U.S. Task Force Recommends Offering Hormonal Therapy Medicine to Women With High Risk for Breast Cancer
The U.S. Preventive Services Task Force has recommended that women with a high risk of breast cancer but who haven't been diagnosed be offered medicines that can lower that risk.
The U.S. Preventive Services Task Force (USPSTF) has recommended that women with a high risk of breast cancer but who haven’t been diagnosed be offered medicines that can lower that risk.
The recommendations were published online on Sept. 24, 2013. Read “Medications for Risk Reduction of Primary Breast Cancer in Women: U.S. Preventive Services Task Force Recommendation Statement.”
The U.S. Preventive Services Task Force is a group of experts that makes recommendations to the U.S. Department of Health and Human Services on policies to prevent diseases. The task force reviewed many studies on medicines to reduce breast cancer risk to develop its recommendation statement. The recommendations are the same as the last statement released in 2002.
The recommendations say that doctors should offer the medicines tamoxifen and Evista (chemical name: raloxifene) to women aged 35 and older with a high risk of breast cancer who have never been diagnosed to reduce their risk. The task force didn’t recommend that women at average or low risk of breast cancer be offered these medicines.
Both Evista and tamoxifen are SERMs (selective estrogen receptor modulators). SERMs block the action of estrogen in breast and certain other cells by sitting in the cells’ estrogen receptors. SERMs don’t affect all estrogen receptors the same way because they’re selective (as the name says). In bone cells, SERMs interact with the receptors the way estrogen does and strengthen bones. In breast cells, SERMs block the receptors’ interaction with estrogen and limit cell growth.
Tamoxifen and Evista are pills taken by mouth.
In July 2013, the American Society of Clinical Oncology (ASCO) released new guidelines on using hormonal therapy medicines to reduce risk on postmenopausal women with higher-than-average risk. Besides tamoxifen and Evista, the ASCO guidelines recommend that doctors talk to high-risk postmenopausal women about using the aromatase inhibitor Aromasin (chemical name: exemestane) to reduce risk. Aromasin works by stopping the body from producing estrogen, which limits the amount of estrogen available to stimulate hormone-receptor-positive breast cancer cells to grow.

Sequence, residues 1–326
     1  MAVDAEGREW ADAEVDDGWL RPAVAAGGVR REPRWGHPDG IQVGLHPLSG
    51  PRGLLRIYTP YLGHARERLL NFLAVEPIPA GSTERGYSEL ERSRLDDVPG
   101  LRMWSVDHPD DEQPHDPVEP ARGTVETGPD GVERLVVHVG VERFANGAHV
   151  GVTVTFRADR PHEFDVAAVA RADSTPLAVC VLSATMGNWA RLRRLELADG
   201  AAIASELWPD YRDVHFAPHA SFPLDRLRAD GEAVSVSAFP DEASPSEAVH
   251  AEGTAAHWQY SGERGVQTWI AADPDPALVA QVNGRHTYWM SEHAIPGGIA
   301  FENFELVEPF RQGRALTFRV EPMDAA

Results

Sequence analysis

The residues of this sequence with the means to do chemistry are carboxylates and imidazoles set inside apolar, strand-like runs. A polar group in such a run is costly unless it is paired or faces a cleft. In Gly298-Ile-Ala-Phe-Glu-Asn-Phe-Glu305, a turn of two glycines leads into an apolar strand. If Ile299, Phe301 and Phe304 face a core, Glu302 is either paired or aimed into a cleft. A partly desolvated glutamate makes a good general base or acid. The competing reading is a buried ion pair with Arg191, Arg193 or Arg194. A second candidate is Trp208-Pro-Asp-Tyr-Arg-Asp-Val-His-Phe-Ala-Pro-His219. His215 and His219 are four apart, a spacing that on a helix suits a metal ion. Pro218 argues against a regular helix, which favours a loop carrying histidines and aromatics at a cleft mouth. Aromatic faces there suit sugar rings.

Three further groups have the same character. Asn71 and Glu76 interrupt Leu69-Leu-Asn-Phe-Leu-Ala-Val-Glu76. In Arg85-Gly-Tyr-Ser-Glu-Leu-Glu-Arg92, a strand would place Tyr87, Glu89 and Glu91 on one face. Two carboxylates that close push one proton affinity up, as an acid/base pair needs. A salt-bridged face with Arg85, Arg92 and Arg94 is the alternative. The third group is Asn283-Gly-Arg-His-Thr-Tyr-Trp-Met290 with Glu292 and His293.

The hormonal therapy medicines don’t lower the risk of hormone-receptor-negative breast cancer.
Tamoxifen, Evista, and Aromasin all may cause side effects, some of them severe. Hot flashes and night sweats are side effects of all three medicines, though they’re more common with tamoxifen and Evista. Joint pain is a more common side effect of Aromasin. Aromasin also may weaken bones and make women more likely to break a bone. All three medicines can sometimes cause dangerous blood clots in rare cases. This complication is more common with tamoxifen and Evista.
Studies show the effectiveness of these medicines, but other research has found that they’re not widely prescribed by doctors or taken by women at high risk of breast cancer because of concerns about side effects.
Right now, most doctors use some form of the Gail model, a standard breast cancer risk assessment tool. The Gail model assesses breast cancer risk based on a series of personal health questions that women and their doctors answer together. The questions ask about risk factors such as age, child-bearing history, family history of breast cancer, and breast biopsy results. The result is a Gail score, which estimates the risk of developing invasive breast cancer in the next 5 years. Some more recent versions of the Gail model also include alcohol use, menopausal status, and body mass index. Some doctors wonder if genetic testing or other information should be added to the Gail model. More research needs to be done to figure out the most accurate way to assess a woman’s risk of breast cancer.
If you have a higher-than-average risk of breast cancer, it makes sense to do everything you can to keep your risk as low as it can be. There are lifestyle choices you can make, including:
- maintaining a healthy weight
- exercising regularly at the highest intensity possible
- limiting or avoiding alcohol
- limiting processed foods and foods high in sugar
- eating healthy, nutrient-dense food
- not smoking
You and your doctor also may be considering medicine to reduce your risk. Talk to your doctor about your preferences as well as the risks and benefits of each medicine. If you’re a postmenopausal woman and already taking tamoxifen or Evista and having unacceptable side effects, you may want to ask if Aromasin might be a better option for you. Together, you can make the best choice for your unique situation.
You can learn more about tamoxifen, Evista, and Aromasin in the Breastcancer.org Hormonal Therapy section.
Editor's Note: Research presented at the 2013 San Antonio Breast Cancer Symposium showed that Arimidex (chemical name: anastrozole) can lower the risk of first-time, hormone-receptor-positive breast cancer in postmenopausal women at high risk who haven’t been diagnosed. Arimidex isn’t approved by the U.S. Food and Drug Administration for this use, but doctors may consider it a good alternative to other hormonal therapies approved to reduce risk in high-risk women.
— Last updated on February 22, 2022, 9:53 PM
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